Now Ford, Toyota, Peugeot-Citroen, Suzuki, Subaru parent company Fuji Heavy Industries and a group of suppliers want to change that by offering an open-source software platform to give users more choice in how they connect and use smartphone apps in their vehicles.
The SmartDeviceLink Consortium plans to use Ford’s AppLink software, which is currently used in more than 5 million vehicles, as the basis for the new open-source platform. The new platform will allow smartphone app developers to better integrate their app functions into in-vehicle tech including infotainment screens, steering wheel controls and voice-activated features.
“Encouraging innovation is at the center of Ford’s decision to create SmartDeviceLink, and this consortium is a major step toward that goal,” said Doug VanDagens, global director, Ford Connected Vehicle and Services. “Consumers will win with new, innovative app experiences from increased collaboration and developer engagement.”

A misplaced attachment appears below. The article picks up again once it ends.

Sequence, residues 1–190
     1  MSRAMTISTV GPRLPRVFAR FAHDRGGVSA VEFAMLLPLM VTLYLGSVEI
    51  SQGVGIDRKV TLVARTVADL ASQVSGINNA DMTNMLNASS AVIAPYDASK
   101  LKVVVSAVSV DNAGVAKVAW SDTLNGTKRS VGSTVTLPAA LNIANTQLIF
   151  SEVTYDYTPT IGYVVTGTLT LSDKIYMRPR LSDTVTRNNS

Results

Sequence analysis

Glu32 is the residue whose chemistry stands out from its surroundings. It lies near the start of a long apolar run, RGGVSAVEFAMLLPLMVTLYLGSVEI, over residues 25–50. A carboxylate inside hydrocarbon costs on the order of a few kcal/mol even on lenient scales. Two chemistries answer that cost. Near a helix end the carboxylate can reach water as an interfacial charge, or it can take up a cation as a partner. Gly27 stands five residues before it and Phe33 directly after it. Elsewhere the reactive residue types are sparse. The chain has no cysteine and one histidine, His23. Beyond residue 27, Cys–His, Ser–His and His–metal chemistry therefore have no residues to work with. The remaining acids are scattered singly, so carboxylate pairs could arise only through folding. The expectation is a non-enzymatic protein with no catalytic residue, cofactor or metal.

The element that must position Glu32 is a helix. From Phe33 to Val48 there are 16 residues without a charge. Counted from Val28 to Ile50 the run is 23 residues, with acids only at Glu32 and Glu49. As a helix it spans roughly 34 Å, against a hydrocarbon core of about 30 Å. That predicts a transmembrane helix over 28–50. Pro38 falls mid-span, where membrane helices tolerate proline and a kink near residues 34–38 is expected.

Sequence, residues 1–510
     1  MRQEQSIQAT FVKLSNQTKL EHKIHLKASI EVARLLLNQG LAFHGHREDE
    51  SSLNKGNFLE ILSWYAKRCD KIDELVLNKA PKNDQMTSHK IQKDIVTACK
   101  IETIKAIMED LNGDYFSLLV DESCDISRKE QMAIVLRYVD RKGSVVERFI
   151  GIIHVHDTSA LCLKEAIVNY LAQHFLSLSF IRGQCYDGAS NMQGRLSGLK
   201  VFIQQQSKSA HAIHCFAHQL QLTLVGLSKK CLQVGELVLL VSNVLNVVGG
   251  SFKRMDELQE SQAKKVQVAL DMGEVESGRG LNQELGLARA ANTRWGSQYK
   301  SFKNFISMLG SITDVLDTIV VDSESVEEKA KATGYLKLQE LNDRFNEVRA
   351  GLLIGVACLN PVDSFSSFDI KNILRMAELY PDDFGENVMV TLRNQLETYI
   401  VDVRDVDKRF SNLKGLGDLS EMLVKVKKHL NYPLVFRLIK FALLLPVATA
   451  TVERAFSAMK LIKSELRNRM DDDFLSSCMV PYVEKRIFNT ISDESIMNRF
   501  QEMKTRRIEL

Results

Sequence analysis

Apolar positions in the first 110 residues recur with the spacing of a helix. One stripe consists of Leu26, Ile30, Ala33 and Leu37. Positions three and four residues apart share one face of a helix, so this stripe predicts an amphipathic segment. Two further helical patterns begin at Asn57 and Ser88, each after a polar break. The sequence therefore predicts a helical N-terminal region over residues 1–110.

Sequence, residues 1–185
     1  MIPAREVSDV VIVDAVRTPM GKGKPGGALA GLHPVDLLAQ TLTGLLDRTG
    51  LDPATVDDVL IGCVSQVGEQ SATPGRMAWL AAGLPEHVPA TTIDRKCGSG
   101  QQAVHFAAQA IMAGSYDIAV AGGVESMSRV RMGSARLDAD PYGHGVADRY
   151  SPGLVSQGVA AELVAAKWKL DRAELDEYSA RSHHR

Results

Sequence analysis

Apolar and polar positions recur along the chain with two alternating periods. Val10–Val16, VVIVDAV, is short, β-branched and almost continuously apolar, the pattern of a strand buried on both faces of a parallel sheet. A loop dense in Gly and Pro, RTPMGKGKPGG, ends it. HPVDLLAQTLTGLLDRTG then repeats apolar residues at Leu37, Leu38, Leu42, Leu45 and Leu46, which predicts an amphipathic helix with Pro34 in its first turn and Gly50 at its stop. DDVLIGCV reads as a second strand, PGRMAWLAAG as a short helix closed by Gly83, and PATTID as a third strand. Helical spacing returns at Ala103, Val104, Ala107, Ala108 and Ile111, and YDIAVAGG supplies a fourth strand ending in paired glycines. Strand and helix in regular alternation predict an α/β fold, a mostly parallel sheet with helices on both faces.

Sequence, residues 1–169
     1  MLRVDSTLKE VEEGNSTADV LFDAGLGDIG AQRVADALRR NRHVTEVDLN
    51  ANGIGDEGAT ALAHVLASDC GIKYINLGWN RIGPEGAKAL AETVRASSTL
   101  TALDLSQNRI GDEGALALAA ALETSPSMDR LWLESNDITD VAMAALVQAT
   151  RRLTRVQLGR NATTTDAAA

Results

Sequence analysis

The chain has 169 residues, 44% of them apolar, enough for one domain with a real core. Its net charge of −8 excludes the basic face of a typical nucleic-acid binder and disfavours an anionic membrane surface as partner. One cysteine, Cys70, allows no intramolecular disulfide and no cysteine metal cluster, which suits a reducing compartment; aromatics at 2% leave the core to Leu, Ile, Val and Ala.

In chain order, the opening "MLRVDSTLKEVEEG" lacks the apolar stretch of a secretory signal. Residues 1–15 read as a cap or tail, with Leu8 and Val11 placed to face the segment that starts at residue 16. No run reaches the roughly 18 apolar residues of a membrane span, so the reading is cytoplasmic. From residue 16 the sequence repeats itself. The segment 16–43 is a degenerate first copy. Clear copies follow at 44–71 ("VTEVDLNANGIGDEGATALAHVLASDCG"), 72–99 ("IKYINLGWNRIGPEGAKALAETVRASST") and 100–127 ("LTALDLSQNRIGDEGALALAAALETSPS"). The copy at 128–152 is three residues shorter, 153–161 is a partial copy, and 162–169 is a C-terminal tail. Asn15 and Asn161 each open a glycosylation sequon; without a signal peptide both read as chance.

This new uniform standard will not only benefit developers but also consumers, as the open-source format will promote greater software security.
“Connectivity between smartphones and the vehicle interface is one of the most important connected services. Using SmartDeviceLink, we can provide this service to our customers in a safe and secure manner,” said Shigeki Tomoyama, president of Toyota’s Connected Company. “We are excited to collaborate with many auto manufacturers and suppliers who share our view.”
Toyota plans to offer a telematics system in its cars based on SmartDeviceLink, or SDL, around 2018.